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Rahul is a hard-working trader. Last year, a bumper deal yielded him with a phenomenal profit and to celebrate, he took his children on a shopping spree. Exhausted, the family finally settled down with their many bags, to enjoy a burger at the Food Court. Rahul suddenly noticed a 5-year old unkempt boy standing outside the mall, eyeing the food and his children’s toys. That night the image of the deprived child’s expression kept Rahul awake for a long time. He knew he had to do something, but the question was HOW?

As social awareness is growing in India, there are many Rahuls in the country who would like to donate but are unsure of the process. The reasons for charity are manifold – social responsibility, a feeling of fulfilment, belief in karma. But the challenge to identify the right non-profit is the same. Today, potential donors have begun thoroughly researching the organisation they plan to support. There are several lakh NGOs in India engaged in causes ranging from education, health, development to animal welfare and arts. To identify a deserving charity based on parameters like transparency, impact, optimal utilisation of funds is an onerous task.

As a first step, the donor should apply two filters before narrowing down the choice – the cause and the method of support.

To make an informed donation decision a potential donor should consider:

  • Registration: Ensure that the NGO is registered either as a Trust under Public Trust Act, as a Society under Societies Registration Act , 1860, or as a Section 25 Company under Companies Act, 1956.
  • Income Tax Approvals: A Section 12A certificate from the Income Tax Authorities exempts the NGO’s income from tax. Sections 80G and 35AC certificates offer tax savings opportunities to donors.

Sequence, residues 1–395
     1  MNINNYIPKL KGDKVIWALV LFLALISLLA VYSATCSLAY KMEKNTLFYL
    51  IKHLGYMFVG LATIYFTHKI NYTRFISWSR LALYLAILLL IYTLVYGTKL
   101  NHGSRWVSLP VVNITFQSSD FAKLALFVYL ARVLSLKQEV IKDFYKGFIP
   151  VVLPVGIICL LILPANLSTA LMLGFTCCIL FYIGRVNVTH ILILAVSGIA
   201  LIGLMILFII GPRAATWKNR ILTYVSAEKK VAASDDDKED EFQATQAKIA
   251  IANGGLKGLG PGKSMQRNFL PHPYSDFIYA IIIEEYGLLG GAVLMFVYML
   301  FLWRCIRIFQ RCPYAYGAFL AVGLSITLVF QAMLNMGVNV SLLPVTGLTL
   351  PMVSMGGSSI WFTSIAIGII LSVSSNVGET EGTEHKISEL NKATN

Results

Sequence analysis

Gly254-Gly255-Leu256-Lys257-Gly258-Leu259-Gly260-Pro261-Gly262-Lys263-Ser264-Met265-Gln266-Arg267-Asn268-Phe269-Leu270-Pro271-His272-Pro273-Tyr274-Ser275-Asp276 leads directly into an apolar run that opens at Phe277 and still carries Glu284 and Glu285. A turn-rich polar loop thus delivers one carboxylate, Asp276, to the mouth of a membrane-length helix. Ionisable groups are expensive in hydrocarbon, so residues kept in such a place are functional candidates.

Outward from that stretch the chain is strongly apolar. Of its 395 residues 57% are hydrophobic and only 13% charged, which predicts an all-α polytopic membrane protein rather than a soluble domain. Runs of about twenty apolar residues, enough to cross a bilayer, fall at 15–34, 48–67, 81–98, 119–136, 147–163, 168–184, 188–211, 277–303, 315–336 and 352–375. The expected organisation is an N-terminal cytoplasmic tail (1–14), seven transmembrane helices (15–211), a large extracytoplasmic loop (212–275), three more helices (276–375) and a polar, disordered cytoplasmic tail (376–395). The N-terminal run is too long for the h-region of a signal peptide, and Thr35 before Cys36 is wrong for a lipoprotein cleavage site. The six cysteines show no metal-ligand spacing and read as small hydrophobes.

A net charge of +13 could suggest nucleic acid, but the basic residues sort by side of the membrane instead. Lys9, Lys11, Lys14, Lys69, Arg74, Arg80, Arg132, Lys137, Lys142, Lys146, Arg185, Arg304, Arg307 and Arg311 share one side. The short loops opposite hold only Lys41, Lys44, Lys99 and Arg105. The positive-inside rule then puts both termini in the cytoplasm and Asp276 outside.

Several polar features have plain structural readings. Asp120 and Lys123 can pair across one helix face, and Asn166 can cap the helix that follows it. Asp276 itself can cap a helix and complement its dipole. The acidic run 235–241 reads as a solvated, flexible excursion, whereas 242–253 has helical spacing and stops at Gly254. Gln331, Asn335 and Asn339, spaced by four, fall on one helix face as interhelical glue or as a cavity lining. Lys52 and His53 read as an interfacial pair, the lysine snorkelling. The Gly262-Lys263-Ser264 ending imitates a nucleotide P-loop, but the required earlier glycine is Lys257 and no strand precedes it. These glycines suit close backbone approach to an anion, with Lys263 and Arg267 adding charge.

• FCRA: Foreign donors (all non-Indian citizens) must ensure that the NGO is registered under FCRA (Foreign Contribution Regulation Act, 2010) and eligible to receive foreign funds.
  • Funds Utilisation: A critical factor for most donors. An optimal manner to verify past fund utilisation is to peruse the NGO’s annual reports and website. The donor can learn about the NGO’s mission, ongoing projects, future plans and impact on Society. As a thumb rule an NGO, irrespective of size, utilising 70 to 85% of its funds on programme activities would be considered efficient.
  • Peer Analysis: Compare NGOs within a sector on factors like financials, impact on beneficiaries, good practices
  • Things to look out for:
    • Accreditation with NGO listing sites like Credibility Alliance
    • Trustees and Management Team
    • Reporting standards followed
    • Funding from reputed institutions like international foundations, large corporates
    • Good practices like setting aside reserves for earmarked projects or unforeseen contingencies
    • An NGO should not be judged on the surplus or deficit it earns
  • Finally, not all NGOs are genuine, funds getting utilised for non-charitable purposes is a common phenomenon.  Ensuring accountability and transparency from NGOs is therefore of utmost importance. An NGO open to share its financials and management details builds confidence among donors.

Our pioneering effort to analyse the financials of various NGOs and provide various tools such as the “search by sector” options, the “compare” facility and the “Top 5” screeners will allow donors like Rahul to evaluate and compare the “efficiency” of various NGOs acting in the same focus areas - or in different focus areas - before taking a decision on which NGO a donor could support. Make a more informed selection of which NGO to support: Evaluate. Then Donate.

Past Workshops

  • Volunteer Management,
      by Madhukar Kumar
  • Making Presentation,
      by Sougat
  • Legal Workshop,
      by Noshir Dadrawala
  • Governance Workshop,
      by Noshir Dadrawala
  • Strategic Planning,
      by Tanaz Buhariwalla
  • Monitoring & Evaluation,
      by Priya Agrawal
  • Financial Management,
      by Sanjay Patra
  • Fund Raising,
      by Sameer Bhakhri
  • Branding,
      by Vidya BR and Sandeep Nanu
  • Boards,
      by Ms. Gayatree Oak
  • Trustee,
      by Ms. Gayatree Oak
  • Sexual Harreshment,
      by Ms. Gayatree Oak
  • Donor Relation,
      by Sameer Bhakhri